Froggy's Class
by Sharan Strange

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South Carolina, 1969

She was an old maid, Froggy was,
and she was mean, with bulging eyes
that strained more when she got cross,
and a lumpy sack of gland-swollen throat.
We thought her some crazy crone who
took delight in chastising the innocent.
Her classroom seemed our punishment,
as we were dubbed the smart ones.
But among our bunch the usual stunts
were devised, and her madness was
the antidote to our attempts at anarchy.

I mostly don't remember her abuses--
except the shrill, cracking voice
that harangued us daily, or the hard-rapped
satisfaction of a ruler across the knuckles--
but in them she was democratic.
She also favored the word nigra,
which made Tina Fogle snicker
and eye me triumphantly.  One day reciting
vocabulary, Stuart Williams, brilliant-haired,
the class sweetheart--whose liberal parents
no doubt had drilled its pronunciation--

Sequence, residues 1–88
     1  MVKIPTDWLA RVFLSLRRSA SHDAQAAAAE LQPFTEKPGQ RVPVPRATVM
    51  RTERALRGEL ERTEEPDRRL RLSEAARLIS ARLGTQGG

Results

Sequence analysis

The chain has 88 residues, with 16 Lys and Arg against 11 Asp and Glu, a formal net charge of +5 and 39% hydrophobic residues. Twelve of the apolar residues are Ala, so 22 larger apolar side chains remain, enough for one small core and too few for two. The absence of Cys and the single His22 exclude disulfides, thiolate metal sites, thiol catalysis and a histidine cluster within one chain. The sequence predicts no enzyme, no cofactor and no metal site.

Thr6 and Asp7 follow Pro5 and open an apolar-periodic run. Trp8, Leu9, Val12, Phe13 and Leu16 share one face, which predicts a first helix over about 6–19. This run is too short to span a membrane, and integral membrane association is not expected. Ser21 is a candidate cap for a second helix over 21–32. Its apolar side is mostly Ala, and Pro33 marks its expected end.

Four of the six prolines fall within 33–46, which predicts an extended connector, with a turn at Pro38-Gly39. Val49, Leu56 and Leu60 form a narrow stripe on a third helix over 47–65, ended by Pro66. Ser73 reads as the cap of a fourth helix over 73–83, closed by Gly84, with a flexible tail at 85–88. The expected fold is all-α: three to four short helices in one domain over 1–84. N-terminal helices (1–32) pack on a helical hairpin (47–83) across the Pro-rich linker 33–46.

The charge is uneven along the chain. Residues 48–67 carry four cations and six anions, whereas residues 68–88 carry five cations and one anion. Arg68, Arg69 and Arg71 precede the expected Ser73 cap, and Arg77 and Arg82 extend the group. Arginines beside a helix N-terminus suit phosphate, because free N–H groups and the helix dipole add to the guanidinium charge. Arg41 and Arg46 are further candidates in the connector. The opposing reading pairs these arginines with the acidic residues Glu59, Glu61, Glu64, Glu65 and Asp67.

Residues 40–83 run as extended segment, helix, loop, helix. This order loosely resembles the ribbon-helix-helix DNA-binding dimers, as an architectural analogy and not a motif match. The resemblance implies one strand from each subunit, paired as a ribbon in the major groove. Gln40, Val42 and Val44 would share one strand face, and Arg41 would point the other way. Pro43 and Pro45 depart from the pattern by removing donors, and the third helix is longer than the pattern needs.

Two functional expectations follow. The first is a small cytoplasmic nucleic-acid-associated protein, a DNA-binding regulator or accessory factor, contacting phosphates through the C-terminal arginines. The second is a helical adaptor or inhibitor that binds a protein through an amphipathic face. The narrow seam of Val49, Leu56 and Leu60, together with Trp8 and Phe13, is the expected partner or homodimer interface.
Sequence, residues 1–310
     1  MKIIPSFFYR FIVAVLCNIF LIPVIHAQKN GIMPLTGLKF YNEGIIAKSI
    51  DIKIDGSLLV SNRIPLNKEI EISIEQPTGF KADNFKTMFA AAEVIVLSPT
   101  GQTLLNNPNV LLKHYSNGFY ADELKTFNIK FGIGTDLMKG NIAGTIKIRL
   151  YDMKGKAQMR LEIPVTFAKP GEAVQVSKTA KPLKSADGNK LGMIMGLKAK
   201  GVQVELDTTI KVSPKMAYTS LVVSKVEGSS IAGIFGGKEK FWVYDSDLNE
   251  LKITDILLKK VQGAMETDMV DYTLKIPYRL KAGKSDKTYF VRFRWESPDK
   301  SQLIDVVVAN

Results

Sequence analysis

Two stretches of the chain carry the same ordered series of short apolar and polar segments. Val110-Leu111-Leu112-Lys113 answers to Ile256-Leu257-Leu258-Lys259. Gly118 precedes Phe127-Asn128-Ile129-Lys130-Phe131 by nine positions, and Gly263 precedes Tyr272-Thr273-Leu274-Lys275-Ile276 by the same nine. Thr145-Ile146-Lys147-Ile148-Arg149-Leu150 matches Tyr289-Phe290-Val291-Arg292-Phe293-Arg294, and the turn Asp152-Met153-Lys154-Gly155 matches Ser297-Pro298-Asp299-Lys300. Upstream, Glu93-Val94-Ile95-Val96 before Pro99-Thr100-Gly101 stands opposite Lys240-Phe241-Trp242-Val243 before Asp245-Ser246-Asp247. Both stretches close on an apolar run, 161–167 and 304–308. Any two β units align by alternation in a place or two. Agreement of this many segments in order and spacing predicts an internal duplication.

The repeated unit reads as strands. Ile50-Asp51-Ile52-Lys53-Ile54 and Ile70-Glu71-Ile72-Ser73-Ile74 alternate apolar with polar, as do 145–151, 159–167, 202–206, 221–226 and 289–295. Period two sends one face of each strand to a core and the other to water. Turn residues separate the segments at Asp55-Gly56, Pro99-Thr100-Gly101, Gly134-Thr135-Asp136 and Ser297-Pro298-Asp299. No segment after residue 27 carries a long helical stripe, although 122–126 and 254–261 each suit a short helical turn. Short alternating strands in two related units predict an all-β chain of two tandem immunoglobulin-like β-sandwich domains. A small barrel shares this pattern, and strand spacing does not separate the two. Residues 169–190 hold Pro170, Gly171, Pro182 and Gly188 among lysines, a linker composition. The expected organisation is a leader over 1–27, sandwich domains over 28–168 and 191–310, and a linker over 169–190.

corrected her, loudly enunciating nee-gro,
amid a chorus of halfhearted mimics.
Froggy bristled, glared at his cheerful
nerviness.  I loved him for it.

Then after the year-end spelling test, which
I alone aced, she railed against my all-white
peers, summoned me to stand before
the knuckleheads she said (or warned)
might someday fall victim to my supervision.
On the last day, silently driving me home,
she pushed a heavy bound notebook
into my hands, and I--out of discomfort
at being alone with her, and shame at
my squalid, small house--scrambled out
of the car, barely caught will make something
of yourself and college and proud.

"Froggy's Class" appears in ASH



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The Redneck Review 2007